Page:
33. American Enters WWI: British passenger liner Lusitania 128 Americans died

  34. American Enters WWI: French passenger ship Sussex & Sussex pledge

  35. American Enters WWI: Zimmerman Telegram German Foreign Minister Arthur Zimmerman Telegram sent to Mexico asking Mexico to declare war on the U.S.

  36. America enters WWI: Zimmerman Telegram • German foreign minister Arthur Zimmerman sent telegram to Mexico with this proposal: • Mexico should declare war on the U.S. if they declare war on Germany • In return, if Germany won war, they would give Mexico back Texas, New Mexico, and Arizona (lands lost in Mexican-American War) • Mexico declined the proposal, but when Germany again announced unrestricted submarine warfare against Great Britain, the U.S. declared war on Germany on April 6, 1917

  37. WWI Home Front • Selective Service Act – • passed by Congress in 1917; authorized draft of men for military service; 2.8 million drafted, 4.8 million served • Women – • won right to vote; moved into the workforce to replace men who were fighting; served as nurses • Government Responses to Opposition: • Espionage Act (1917) - severe penalties for anyone involved in disloyal or treasonable activities or interfering with the war effort • Sedition Act (1918) – illegal to use disloyal or abusive language about American government, Constitution, or military; Socialist leader Eugene V. Debs (ARU) imprisoned for anti-war speech

  38. Woodrow Wilson’s Fourteen Points • Fourteen Points - Wilson’s list of terms for resolving WWI and future wars • Key ideas: • “peace without victory” • open diplomacy • freedom of seas and free trade • move toward ending colonialism • self-determination • League of Nations

  39. America Rejects the Treaty • Senate’s issues with the Treaty of Versailles: • concerned about the League of Nations • afraid the treaty could lead the U.S. into a war without the consent of Congress • The United States did NOT ratify the treaty to join the League of Nations. • U.S. foreign policy after rejecting the treaty – isolationism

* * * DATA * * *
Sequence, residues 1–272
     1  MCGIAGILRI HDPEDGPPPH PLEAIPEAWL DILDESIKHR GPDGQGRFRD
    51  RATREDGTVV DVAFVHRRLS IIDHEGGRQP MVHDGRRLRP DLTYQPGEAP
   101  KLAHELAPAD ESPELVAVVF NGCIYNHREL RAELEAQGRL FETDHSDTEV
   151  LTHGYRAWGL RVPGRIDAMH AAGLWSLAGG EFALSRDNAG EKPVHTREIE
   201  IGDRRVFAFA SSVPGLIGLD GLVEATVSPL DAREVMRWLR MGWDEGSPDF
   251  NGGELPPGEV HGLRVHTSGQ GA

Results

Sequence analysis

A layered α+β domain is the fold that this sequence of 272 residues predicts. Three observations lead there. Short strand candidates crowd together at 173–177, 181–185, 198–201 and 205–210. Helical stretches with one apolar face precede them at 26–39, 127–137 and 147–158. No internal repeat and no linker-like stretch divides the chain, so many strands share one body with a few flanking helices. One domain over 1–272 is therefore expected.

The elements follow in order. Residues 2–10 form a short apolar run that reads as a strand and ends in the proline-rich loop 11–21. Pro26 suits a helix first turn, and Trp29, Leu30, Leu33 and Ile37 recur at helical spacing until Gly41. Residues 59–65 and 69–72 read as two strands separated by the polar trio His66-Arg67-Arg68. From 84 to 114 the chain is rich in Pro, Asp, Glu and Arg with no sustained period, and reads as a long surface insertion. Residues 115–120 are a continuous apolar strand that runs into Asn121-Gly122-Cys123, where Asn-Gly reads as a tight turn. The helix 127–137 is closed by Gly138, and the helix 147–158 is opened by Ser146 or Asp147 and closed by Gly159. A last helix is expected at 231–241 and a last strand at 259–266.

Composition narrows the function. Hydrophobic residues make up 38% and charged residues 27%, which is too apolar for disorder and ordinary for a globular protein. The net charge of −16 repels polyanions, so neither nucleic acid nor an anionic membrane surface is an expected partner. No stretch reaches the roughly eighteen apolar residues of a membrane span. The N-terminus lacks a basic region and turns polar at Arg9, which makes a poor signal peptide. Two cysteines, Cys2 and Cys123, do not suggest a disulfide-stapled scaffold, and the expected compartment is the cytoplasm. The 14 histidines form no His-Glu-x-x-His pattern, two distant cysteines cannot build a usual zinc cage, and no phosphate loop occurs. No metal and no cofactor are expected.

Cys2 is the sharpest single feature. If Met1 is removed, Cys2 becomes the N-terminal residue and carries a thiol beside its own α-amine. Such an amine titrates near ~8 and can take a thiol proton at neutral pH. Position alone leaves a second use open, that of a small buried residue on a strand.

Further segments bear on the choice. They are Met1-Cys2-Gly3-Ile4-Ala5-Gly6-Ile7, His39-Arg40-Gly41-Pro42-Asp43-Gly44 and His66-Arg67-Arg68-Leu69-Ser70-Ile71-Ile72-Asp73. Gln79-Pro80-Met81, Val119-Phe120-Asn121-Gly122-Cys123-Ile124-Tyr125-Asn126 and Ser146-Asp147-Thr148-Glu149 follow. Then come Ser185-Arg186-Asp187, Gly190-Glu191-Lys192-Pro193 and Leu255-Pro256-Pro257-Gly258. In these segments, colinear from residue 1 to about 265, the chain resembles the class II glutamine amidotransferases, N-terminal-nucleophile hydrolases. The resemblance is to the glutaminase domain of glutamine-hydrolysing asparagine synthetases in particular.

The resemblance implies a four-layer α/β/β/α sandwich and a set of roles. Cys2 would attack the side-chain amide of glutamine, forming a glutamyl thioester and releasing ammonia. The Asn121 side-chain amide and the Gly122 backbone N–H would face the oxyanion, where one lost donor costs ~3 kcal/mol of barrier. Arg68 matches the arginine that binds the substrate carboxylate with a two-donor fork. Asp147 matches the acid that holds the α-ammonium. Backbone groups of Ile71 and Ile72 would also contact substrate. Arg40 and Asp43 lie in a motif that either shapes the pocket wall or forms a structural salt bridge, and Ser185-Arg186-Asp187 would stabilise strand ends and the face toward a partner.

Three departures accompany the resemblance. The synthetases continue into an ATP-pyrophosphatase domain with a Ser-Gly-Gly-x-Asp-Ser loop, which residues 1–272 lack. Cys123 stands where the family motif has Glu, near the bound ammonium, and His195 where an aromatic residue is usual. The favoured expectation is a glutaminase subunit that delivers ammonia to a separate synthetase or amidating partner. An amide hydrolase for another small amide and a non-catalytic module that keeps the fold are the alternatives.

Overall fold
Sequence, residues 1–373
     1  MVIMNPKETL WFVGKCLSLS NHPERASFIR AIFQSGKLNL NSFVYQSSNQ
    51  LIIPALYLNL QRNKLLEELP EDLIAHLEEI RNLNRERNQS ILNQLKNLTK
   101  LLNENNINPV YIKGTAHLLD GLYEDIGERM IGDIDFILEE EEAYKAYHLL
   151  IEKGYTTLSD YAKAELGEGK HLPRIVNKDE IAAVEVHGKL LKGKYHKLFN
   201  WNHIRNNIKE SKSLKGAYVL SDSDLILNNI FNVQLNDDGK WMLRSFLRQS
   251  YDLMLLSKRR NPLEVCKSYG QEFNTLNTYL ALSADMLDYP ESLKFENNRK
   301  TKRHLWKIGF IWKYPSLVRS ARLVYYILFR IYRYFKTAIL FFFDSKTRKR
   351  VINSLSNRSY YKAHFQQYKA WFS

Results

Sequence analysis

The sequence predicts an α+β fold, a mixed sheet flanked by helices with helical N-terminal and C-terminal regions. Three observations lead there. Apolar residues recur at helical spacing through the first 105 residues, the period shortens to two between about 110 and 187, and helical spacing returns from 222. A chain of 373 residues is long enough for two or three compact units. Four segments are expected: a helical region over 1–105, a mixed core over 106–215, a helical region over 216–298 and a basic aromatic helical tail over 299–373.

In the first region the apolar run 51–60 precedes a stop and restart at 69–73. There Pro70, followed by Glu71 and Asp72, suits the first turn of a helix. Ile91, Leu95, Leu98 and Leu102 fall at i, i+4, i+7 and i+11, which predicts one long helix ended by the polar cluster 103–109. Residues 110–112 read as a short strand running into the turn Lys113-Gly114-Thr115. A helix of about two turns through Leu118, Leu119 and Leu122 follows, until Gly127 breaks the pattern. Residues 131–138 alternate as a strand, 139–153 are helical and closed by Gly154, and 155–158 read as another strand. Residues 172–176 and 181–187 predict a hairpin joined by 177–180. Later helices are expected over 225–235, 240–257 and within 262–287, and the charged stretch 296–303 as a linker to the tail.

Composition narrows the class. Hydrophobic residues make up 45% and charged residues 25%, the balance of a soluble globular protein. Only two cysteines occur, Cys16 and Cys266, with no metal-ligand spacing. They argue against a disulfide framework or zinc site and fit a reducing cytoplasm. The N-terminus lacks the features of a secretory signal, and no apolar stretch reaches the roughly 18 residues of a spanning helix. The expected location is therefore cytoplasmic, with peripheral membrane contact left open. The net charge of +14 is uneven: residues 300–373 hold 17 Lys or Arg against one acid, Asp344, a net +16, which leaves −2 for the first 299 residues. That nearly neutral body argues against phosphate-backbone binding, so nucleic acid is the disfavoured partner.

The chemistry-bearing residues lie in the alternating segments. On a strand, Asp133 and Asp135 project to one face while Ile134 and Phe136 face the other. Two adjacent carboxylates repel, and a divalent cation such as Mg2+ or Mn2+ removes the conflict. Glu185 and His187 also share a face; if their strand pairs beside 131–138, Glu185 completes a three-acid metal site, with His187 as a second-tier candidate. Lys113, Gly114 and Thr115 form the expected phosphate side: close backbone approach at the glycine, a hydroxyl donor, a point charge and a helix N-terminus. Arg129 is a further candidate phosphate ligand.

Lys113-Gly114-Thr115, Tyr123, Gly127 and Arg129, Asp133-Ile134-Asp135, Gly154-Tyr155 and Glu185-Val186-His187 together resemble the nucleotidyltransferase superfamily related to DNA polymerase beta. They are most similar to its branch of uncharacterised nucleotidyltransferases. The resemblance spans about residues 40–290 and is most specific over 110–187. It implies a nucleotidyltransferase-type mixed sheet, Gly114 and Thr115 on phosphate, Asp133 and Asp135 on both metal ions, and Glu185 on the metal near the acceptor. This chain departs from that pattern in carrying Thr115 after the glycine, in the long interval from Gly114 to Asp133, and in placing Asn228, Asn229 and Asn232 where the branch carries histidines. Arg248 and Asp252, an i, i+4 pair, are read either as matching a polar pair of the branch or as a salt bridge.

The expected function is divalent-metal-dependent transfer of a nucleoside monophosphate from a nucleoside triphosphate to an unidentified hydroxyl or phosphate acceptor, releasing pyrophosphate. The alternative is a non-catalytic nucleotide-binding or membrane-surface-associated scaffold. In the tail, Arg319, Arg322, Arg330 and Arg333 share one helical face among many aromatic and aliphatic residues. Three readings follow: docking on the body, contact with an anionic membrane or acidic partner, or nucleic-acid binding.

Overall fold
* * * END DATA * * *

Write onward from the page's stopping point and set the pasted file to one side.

40. Prohibition – Eighteenth Amendment • Prohibition – the banning of alcoholic beverages • 1919 states ratified Eighteenth Amendment – forbade the manufacture, distribution & sale of alcohol in the U.S.

  41. Nineteenth Amendment • Approved by Congress in 1919 • Gave women the right to vote

  42. The Red Scare • Red Scare – fear of communists & radicals thought to be planning revolution in U.S. • Attorney General A. Mitchell Palmer led raids against suspected radicals & foreigners using Espionage & Sedition Acts • Palmer & agents accused of using torture to obtain intelligence & collect evidence General A. Mitchell Palmer – leader of the Palmer Raids

  43. Henry Ford’s Model T Henry Ford: responsible for much of America’s economic growth 1908 Model T – made cars affordable for ordinary Americans by: • Mass production – used on a larger scale (thousands of parts) • Assembly Lines – opened large factories (esp. in Detroit) and put cars on moving belts; workers added interchangeable parts; reduced manufacture time from 12 hours to 90 minutes

  44. Radio • 1920s radios became widespread • news & entertainment broadcasts began • increased the speed with which people gained information • increased national unity

  45. Movies • 1920s movies became popular • 1927 the first movie with sound, The Jazz Singer • movies with sounds called “talkies”

  46. The Harlem Renaissance Renaissance is Latin for “rebirth” What was the Harlem Renaissance? period of “rebirth” for African American culture During this period, African American novelists, poets, and artists celebrated their culture

  47. Louis Armstrong • trumpet player – famous for jazz music • nicknamed “Satchmo” • known as the “ambassador of jazz” – traveled to Africa, Asia, & Europe • also pioneered “scat”

  48. Irving Berlin • songwriter & composer • inspired by jazz music • songs written by Berlin: • “God Bless America” • “Blue Skies” • “I’ve Got My Love to Keep Me Warm” • “White Christmas” • “Happy Holiday”

  49. Tin Pan Alley • collection of New York City music publishers & songwriters that dominated popular music • composers like Irving Berlin • commercialization of music --jazz and blues pop-songs & dance numbers popularized • sheet music manufactured for commercial sale & profit Buildings housed sheet-music publishers that were the center of American popular music in early 1900s.

  50. Causes of the Depression Under Consumption Stock Market Speculation Overproduction The Great Depression